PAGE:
In New York State, protests have continued against a local Catholic Charities affiliate’s decision to end adoption and foster care services as a way to deny services to LGBT clients.
Activists gathered in late October outside Catholic Charities of Buffalo to criticize the decision and to ask local and state government officials for a reconsideration of the $18 million in public funds that the agency receives. The program was shuttered so Catholic Charities would not have to abide by state non-discrimination laws. WSKG reported on the action outside an agency board meeting:
“Participants in the protest included religious, community and public leaders. They say Catholic Charities announced its decision to cease its foster care and adoption services after a same-sex couple inquired about adopting a child. Reverend Kirk Laubenstein, director of the Coalition for Economic Justice, says when the institution made that decision, they made a decision to discriminate. . .
“‘In reality, they are perpetuating discrimination against LGBT people and using children as vulnerable pawns in a political struggle,’ said Annmarie Szpakowska, president of Disparity Buffalo, who identified herself as a lesbian Catholic. ‘This is shameful, sinful and wrong.’. . .
“Barbara Turner, a self-identifying ‘Black Queer Catholic,’ says Catholic Charities helped her amidst her battle with cocaine in the 1980s by helping her place her son in a safe, loving home. Now, she says, amidst an opioid epidemic many children are being orphaned and the institution needs to step up again but do so while making changes to end any discrimination.”
Joining the protests was Kathy Aman, an employee who resigned after working for 19 years in a separate division of Catholic Charities. Aman blamed Buffalo’s Bishop Richard Malone, who is under increasing pressure to resign over his mishandling of priests credibly accused of committing sexual abuse, for the decision:
“‘There was an effort in the agency to advocate for this program and for the LGBT community. . .But it became clear that the power lies with the bishop to make any decisions he chooses, no matter the diversity language in our policy and procedure manual.'”
Right after the decision was made in August, some 100 employees of Catholic Charities of Buffalo signed a letter to Malone expressing their concern about ending adoption and foster care services because the signatories believed LGBT clients could be served without violating church teaching. Thirty-four children in Catholic Charities’ custody were transferred to other social service agencies and the agency lost roughly $900,000 in program revenue. Nine employees were affected, including six who began working for other social service agencies to support the children already in their care. At least two board members are reported to have resigned.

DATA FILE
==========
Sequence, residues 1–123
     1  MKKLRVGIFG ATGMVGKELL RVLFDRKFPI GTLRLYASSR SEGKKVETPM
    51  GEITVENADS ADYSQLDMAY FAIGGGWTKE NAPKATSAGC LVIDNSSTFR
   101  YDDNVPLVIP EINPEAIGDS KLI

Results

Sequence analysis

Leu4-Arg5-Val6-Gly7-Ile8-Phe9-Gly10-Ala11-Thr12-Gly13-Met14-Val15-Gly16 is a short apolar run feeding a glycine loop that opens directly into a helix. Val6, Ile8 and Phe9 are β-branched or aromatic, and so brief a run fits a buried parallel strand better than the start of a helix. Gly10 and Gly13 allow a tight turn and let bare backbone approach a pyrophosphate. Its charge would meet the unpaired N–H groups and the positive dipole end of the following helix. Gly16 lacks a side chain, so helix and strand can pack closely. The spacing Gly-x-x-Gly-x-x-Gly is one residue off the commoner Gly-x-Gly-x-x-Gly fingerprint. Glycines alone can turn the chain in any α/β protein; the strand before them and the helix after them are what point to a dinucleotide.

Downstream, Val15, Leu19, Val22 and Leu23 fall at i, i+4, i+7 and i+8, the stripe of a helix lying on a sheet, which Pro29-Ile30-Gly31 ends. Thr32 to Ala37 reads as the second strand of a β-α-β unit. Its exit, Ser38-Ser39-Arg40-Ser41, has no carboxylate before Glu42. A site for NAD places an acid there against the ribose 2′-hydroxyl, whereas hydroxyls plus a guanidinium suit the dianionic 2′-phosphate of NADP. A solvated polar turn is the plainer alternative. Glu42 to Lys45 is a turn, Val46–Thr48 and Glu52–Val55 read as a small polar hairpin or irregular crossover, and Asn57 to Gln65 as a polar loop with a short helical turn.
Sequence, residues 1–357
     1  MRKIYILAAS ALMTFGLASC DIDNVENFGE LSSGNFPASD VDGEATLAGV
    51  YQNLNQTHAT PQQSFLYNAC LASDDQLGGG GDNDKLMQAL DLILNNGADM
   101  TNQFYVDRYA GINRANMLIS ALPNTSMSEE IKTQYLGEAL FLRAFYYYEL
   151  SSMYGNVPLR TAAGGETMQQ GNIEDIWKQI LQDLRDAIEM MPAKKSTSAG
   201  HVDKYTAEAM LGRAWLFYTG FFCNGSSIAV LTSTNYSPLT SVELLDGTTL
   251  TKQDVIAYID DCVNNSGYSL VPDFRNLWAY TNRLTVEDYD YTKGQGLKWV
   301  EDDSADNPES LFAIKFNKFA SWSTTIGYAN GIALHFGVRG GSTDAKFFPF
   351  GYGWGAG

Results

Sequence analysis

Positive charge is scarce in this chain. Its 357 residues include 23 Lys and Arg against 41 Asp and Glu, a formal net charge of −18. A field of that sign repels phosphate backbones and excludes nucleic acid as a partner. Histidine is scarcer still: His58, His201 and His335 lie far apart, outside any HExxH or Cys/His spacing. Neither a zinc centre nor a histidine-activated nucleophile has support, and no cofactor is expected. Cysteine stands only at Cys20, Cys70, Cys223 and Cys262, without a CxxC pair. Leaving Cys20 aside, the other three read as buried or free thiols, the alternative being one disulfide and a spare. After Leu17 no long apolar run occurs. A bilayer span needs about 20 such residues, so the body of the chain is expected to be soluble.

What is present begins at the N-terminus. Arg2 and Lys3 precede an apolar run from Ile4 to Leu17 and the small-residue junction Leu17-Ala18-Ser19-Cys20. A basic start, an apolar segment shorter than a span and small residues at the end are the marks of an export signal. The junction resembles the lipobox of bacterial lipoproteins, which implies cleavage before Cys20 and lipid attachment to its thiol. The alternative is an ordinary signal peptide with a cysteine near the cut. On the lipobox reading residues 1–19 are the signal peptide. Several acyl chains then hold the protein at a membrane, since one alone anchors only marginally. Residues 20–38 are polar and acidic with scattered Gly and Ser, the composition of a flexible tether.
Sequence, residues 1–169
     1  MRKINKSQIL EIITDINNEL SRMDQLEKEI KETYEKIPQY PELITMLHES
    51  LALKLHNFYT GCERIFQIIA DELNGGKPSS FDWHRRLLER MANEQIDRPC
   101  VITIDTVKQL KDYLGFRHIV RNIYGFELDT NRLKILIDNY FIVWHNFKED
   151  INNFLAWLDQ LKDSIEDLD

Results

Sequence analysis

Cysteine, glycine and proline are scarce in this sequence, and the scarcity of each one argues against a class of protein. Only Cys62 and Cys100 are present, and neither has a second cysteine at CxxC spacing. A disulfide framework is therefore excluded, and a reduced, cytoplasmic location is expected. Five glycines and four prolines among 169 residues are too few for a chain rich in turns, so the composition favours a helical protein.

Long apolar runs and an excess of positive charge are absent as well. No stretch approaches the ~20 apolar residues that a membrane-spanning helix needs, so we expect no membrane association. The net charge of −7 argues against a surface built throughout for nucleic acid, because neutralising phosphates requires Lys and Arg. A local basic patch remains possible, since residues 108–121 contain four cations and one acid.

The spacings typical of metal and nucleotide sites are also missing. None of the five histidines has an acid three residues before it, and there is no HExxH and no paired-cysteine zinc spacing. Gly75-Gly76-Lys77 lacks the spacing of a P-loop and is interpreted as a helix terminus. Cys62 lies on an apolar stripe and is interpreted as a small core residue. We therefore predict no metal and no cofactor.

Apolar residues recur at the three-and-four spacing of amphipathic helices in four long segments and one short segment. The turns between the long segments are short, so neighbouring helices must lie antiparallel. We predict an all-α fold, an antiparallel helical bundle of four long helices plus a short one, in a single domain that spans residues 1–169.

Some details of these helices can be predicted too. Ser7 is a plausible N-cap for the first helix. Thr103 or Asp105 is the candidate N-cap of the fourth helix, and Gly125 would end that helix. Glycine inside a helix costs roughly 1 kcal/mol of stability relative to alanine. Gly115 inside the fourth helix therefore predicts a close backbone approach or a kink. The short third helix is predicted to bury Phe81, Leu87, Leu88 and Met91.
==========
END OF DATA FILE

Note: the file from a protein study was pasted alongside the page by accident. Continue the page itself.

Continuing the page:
But against these protests and the clear damage which the decision to end services is causing, the agency has continued to defend its decision. Dennis Walczyk, the CEO of Catholic Charities of Buffalo, told WBFO that the situation of LGBT adoptive and foster parents was “very unique” and “difficult.” He claimed that the agency still welcomes clients of any sexual orientation, echoing a statement for the agency which said it was “equally committed to non-discrimination of clients in the provision of services and of our employees and volunteers – regardless of sexual orientation, gender identity. . .”
In a related matter, a local government official has claimed Catholic Charities significantly decreased its support for a student support program because of the lost revenue from ending adoption and foster care services. Walczyk denied this claim.
How can Walczyk claim the agency serves clients of all sexual orientations and gender identities when it has gone to such harmful lengths to discriminate? Why would any LGBT person seeking social services of any type feel safe and comfortable with Catholic Charities of Buffalo now? Outrage over the bishop’s role in closing the adoption/foster services is also tied to the mishandling of sexual abuse claims against Malone. Taken together, these incident are a clear example of church leaders inflicting wounds on not only others, but on themselves. Malone and all church officials should stop justifying discrimination when they could be focused on the problem of abusive ministers–and drop the bogus “threat” of LGBT parents providing a loving home for vulnerable children.
—Robert Shine, New Ways Ministry, November 6, 2018